MAB: When it comes to CSR, how do the ad agencies and the PR agency work together? 
ZAS: The ad agency is not involved at all.

MAB: If you look at some of the multinational companies, their CSR activities are communicated through their paid advertising.
ZAS: These are essentially marketing campaigns aimed at promoting sales. The PR agency comes in to support the campaign in terms of presenting it to the same or to a wider audience as part of the company’s drive to give back to the community. This is where there could be some overlap but essentially they are marketing campaigns. A PR agency does a lot more for the company, especially strategically. For example, embedding the CSR philosophy within the organisation and then putting the message out externally. I would say that the first responsibility of any company is to have a first-class product, available at the best possible price and with the least possible impact on the environment. That, in essence, is what CSR is; it is not a beach cleaning activity – that is a photo opportunity. Part of that responsibility is the fair and ethical treatment of employees, and PR comes in here to ensure that these employees are leveraged as potential brand ambassadors. In terms of the community, our advice is to develop strategies that support the social uplift of a community.

MAB: How important are events to the PR function?  
ZAS: They are an opportunity for the company to engage with their stakeholders on a direct one-on-one basis and strengthen relations. Put a face to the company and get direct feedback in terms of their perceptions about the company. From our point of view, events have two clear aspects. One is logistics; everything should work – great ambience, great entertainment and great food – and for that part, any good event management company can manage it. The other, more important part is communicating the purpose of the event.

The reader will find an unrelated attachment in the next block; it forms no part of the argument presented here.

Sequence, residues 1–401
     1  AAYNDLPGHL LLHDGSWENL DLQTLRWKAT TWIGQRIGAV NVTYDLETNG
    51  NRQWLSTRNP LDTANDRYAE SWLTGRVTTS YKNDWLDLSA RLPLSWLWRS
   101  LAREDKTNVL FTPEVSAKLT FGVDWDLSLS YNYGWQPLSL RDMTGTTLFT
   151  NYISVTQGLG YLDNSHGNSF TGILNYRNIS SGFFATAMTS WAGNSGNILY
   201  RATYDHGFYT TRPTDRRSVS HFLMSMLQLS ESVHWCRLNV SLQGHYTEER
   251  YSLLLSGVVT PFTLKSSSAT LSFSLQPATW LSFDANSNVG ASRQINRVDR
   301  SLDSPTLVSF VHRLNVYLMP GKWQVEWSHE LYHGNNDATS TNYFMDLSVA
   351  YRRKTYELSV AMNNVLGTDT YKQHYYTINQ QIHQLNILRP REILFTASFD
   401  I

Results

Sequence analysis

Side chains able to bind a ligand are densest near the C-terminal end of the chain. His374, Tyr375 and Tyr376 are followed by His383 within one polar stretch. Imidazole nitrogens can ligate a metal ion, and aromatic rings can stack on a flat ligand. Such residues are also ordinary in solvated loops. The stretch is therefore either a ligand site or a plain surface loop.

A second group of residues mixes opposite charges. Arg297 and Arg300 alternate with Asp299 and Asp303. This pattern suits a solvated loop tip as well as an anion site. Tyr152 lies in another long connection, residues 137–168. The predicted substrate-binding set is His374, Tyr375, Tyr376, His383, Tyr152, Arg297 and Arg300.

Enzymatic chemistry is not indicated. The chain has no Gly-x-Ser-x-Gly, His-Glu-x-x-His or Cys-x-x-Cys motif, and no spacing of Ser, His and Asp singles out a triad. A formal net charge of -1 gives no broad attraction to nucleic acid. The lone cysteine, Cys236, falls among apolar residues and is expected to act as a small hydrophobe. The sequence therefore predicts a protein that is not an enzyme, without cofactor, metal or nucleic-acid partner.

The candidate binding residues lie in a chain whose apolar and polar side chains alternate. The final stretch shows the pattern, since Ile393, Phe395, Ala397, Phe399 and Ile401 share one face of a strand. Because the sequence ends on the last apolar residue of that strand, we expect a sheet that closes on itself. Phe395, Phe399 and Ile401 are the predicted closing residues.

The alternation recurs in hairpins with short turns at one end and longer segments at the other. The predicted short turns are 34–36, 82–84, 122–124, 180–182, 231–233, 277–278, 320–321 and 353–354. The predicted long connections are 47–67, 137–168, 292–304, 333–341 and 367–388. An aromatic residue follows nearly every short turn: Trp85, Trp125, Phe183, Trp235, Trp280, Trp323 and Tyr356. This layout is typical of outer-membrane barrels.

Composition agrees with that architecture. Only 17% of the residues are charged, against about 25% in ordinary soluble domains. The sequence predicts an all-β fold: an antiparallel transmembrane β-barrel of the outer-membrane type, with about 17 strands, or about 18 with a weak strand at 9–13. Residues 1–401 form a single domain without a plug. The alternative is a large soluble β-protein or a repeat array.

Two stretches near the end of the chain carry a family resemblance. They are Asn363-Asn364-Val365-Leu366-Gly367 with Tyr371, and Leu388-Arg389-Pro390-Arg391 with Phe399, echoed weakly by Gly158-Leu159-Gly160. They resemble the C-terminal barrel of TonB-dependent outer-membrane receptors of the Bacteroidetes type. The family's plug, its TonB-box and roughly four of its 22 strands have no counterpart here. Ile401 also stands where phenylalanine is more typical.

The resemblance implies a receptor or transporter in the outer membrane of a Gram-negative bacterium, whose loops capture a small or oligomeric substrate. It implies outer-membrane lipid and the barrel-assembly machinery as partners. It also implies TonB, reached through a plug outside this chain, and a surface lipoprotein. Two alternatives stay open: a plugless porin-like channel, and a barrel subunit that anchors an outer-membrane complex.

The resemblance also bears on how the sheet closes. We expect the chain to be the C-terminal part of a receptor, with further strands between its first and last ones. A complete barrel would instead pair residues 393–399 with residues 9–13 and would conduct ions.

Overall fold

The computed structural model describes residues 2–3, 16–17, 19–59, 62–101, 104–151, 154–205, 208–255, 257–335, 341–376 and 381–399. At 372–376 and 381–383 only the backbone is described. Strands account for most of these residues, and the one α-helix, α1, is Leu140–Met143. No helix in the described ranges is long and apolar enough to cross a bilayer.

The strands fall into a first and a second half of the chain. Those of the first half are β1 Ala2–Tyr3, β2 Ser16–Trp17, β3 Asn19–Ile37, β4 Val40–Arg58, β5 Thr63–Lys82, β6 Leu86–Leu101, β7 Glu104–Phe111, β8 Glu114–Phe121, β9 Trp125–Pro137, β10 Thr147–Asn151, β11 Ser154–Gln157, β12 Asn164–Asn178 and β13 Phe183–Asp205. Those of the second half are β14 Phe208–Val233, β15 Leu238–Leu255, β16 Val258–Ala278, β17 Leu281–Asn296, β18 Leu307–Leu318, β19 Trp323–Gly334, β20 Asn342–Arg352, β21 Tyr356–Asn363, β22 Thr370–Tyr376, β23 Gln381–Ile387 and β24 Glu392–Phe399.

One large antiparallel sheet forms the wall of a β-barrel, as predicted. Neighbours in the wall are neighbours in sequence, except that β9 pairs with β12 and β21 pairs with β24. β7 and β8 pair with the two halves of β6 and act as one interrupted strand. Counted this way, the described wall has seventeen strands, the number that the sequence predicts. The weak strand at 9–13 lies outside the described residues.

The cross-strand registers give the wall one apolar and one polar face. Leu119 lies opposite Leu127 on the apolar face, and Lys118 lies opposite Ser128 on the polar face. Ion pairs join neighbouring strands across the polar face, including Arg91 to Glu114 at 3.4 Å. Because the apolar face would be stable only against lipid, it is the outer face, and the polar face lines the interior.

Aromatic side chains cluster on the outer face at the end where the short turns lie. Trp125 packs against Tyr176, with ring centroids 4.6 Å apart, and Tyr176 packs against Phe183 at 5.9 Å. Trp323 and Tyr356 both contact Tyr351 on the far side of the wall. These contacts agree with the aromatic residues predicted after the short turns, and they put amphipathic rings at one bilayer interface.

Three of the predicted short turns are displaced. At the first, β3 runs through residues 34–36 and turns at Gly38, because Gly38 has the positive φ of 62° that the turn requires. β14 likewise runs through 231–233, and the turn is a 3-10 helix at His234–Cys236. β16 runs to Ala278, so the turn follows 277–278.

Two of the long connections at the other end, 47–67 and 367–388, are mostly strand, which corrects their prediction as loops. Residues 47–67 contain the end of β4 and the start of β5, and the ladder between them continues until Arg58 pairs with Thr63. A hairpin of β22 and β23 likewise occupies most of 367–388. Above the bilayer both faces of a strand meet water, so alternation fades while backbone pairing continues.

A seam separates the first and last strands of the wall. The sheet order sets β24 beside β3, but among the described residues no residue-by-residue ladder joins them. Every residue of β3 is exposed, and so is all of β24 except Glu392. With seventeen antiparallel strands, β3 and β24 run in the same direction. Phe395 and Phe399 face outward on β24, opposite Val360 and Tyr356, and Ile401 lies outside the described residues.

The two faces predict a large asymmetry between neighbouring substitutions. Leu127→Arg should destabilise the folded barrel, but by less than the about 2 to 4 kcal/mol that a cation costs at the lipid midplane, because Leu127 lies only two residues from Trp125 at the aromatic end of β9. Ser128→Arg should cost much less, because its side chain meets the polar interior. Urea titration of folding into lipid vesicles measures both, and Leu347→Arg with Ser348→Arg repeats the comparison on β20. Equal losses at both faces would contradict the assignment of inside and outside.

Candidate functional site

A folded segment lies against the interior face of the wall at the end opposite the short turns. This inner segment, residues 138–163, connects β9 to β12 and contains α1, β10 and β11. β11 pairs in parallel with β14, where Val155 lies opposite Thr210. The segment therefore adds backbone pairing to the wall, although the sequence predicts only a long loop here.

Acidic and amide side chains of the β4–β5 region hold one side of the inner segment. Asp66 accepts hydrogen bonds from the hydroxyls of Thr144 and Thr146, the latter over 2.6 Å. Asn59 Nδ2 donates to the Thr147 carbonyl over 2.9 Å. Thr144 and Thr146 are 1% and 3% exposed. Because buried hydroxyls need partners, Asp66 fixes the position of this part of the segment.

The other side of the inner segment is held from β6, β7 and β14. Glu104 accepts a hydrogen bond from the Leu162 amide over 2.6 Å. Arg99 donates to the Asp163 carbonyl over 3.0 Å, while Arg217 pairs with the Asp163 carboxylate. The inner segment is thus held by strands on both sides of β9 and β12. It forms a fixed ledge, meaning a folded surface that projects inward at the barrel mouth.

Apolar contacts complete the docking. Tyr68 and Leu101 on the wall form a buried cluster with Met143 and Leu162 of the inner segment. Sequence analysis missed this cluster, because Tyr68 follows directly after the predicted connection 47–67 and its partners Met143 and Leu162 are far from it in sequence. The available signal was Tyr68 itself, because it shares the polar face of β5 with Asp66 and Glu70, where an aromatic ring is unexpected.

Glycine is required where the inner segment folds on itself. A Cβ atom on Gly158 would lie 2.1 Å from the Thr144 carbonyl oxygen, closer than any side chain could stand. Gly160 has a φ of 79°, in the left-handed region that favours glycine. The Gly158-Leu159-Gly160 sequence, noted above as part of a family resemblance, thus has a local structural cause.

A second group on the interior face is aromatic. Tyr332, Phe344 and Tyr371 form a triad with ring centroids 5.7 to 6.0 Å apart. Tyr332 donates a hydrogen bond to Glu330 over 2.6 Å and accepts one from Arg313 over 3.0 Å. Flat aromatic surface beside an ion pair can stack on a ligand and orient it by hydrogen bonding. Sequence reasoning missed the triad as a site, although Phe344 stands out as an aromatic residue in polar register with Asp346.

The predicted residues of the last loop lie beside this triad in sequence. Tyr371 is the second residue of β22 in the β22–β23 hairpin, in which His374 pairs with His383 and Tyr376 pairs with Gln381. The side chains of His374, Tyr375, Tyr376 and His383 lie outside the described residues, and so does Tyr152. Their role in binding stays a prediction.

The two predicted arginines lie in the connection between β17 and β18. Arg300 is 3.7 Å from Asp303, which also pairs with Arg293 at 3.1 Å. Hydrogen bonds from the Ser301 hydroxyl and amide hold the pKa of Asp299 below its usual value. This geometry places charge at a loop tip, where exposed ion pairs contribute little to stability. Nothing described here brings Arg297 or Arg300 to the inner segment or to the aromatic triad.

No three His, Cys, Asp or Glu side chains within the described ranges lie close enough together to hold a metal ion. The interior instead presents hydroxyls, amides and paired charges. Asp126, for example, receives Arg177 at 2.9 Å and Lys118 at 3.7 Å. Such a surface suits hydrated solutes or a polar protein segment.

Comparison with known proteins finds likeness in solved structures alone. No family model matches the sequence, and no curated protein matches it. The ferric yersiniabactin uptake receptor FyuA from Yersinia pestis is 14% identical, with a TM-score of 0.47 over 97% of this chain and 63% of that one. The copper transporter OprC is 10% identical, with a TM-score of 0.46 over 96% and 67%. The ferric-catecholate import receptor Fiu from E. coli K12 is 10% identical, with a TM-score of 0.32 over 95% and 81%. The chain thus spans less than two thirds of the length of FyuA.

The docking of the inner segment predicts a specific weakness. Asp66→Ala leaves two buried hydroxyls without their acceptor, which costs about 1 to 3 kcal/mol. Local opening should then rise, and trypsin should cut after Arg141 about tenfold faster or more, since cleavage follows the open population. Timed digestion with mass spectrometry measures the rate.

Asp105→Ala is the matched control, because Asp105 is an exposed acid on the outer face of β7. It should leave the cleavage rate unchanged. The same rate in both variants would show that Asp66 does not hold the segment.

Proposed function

MAB: What kinds of skills do you look for when you hire?
ZAS: Typically, a PR agency structure includes a media and a client services department. They are the people in direct contact with the client and are technically available 24/7 because this is the nature of our business. Then there is a support department, in which you have your strategic writers, IT, digital and outdoor experts. On the media side, we look for people with a degree in journalism and mass communication. In Pakistan, to my knowledge, no university is offering a major in PR; it is usually an elective. So we have to look for people with a social sciences background. That is the education side. We usually take in fresh MBAs or master’s students and train them about the business, although we also need people with two to three years’ experience working in a PR or ad agency or on the corporate communications side. More than that, we look for people with high energy levels; who can take stress, think on their feet, have critical thinking skills, can multitask and have good writing and communication skills. 

MAB: Has the skill set changed over the years?
ZAS: We have had to add digital skills. 

MAB: How difficult is it to find the right kind of PR person?
ZAS: Extremely difficult. The pool is small and more and more companies are looking for the same kind of HR, including the start-ups. They are hiring at much higher salaries than we and other agencies can offer. 

MAB: Don’t start-ups have financial constraints?
ZAS: A lot of them don’t at the start. They receive good money from their investors. They have a lot of money and they splash it out to get the best talent, although it may not last. The research says that in Pakistan, less than five percent of start-ups succeed. However, the point is that the resource pool is small, despite the fact that we have huge unemployment out there. 

MAB: What trends do you see developing in terms of what consumers will expect from the brands they choose to buy?
ZAS: The biggest is the ethical side. Responsibility towards people and being held accountable and greater transparency.